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East Lancashire patients suffer in paper trail
THE increasing piles of paperwork and needless ‘box-ticking’ exercises faced by doctors have started to have an impact on patient care, GPs said.
The Lancashire branch of the British Medical Association (BMA) said doctors were required to spend far too much time filling out ‘dubious’ government-designed questionnaires.
This means they are less focused on patients and fewer appointments can be offered, according to Dr David Wrigley, the BMA’s county spokesman.
Difficulties in getting a GP appointment in East Lancashire have exacerbated problems at the the Royal Blackburn and Burnley General hospitals, as many patients have opted to seek help from the emergency department or urgent care centres instead.
NHS inspectors recently highlighted the high levels of attendances at the hospitals as a major problem, as staff can sometimes be diverted from helping those with more serious problems.
Dr Wrigley said: “Local GPs are fed up with the Government constantly piling more paperwork on them and also changing the goal posts every year.
“We just need to be left alone to care for our patients. The time taken ticking boxes means I have less time for those patients in real need of my care.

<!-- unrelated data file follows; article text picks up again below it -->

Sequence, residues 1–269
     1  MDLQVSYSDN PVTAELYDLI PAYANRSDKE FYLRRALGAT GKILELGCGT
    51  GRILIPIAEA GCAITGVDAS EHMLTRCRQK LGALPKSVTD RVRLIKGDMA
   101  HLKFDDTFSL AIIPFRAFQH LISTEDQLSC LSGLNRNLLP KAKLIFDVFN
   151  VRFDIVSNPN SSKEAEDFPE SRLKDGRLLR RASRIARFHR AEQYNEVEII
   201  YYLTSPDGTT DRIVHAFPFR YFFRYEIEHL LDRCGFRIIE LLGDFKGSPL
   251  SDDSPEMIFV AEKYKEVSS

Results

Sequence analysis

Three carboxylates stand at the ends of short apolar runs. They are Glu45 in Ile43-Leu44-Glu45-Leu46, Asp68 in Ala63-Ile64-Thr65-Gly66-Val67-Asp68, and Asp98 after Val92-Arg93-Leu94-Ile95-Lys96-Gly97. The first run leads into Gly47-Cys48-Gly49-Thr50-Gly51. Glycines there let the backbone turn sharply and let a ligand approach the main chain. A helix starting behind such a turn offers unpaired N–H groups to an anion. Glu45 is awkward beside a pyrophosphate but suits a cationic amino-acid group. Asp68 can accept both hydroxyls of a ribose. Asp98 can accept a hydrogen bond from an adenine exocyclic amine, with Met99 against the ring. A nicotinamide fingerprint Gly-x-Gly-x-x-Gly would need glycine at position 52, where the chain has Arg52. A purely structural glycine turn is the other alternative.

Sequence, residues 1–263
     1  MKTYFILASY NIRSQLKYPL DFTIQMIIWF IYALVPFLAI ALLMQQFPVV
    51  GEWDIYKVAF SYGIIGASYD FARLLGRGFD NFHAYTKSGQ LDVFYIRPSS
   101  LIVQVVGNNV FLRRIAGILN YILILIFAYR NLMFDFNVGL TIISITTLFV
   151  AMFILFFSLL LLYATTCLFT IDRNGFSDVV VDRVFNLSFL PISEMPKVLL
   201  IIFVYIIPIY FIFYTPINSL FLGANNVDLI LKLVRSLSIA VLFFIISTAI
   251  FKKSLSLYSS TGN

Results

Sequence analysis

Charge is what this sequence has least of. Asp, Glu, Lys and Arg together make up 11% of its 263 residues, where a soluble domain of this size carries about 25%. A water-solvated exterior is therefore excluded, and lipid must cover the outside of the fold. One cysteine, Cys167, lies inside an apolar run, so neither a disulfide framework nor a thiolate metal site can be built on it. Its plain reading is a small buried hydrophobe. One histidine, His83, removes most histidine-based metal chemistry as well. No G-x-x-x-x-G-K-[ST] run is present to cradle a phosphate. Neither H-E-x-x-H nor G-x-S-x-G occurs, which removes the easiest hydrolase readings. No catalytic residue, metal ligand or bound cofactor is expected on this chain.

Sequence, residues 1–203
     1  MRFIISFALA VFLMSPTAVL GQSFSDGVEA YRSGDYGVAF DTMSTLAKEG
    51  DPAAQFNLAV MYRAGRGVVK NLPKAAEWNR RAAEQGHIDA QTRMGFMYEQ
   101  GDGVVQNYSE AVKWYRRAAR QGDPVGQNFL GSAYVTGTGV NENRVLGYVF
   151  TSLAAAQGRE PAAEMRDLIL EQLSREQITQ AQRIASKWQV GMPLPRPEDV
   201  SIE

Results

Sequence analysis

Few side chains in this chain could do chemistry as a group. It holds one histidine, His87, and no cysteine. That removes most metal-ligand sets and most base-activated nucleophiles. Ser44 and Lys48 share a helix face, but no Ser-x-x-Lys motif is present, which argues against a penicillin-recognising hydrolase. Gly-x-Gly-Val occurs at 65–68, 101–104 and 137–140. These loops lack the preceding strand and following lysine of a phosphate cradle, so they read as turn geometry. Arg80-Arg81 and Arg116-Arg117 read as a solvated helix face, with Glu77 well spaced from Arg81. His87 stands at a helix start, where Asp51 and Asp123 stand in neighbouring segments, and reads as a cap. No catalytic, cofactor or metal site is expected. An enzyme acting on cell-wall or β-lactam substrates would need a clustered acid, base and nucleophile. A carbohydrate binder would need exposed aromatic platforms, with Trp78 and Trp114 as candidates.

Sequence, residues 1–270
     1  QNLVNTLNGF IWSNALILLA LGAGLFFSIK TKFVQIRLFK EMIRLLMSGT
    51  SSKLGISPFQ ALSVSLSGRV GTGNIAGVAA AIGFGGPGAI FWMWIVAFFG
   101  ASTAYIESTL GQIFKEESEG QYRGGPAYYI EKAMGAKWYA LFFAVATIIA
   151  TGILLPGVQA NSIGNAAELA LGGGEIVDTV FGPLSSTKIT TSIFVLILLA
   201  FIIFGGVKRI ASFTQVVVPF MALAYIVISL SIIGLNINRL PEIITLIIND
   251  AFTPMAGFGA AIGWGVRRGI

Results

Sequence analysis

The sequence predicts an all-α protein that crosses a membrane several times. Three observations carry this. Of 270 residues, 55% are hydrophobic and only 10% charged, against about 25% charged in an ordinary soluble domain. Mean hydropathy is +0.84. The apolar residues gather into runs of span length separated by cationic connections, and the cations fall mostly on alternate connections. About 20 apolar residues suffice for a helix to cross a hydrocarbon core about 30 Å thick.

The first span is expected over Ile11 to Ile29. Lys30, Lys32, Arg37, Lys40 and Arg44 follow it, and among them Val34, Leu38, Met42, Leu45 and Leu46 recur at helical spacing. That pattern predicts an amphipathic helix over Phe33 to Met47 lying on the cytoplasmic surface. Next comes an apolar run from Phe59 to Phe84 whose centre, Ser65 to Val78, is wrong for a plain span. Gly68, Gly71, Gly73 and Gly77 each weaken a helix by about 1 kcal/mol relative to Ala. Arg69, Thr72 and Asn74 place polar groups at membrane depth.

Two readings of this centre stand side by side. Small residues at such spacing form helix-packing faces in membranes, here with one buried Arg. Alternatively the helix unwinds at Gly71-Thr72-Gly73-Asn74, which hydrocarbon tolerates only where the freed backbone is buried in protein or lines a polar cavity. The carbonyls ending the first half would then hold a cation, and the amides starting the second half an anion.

“On a daily basis I have to fill out a variety of lengthy and dubious government-designed questionnaires, asking such things as how many hours patients spend on cooking and DIY.
“I am also having to offer blood pressure tests to healthy 35 to 40-year-olds, whether they have a problem or not.”
In a national BMA survey, 82 per cent said the burden of excessive paperwork was adversely affecting patient care.
An NHS England spokesman said: “NHS England recognises this is a challenging time for GPs, as it is right across the NHS, but we need to implement policies to ensure patients, particularly those with long-term health problems and those most at risk of developing life-threatening conditions, receive the very best care in line with the most up-to-date evidence.”
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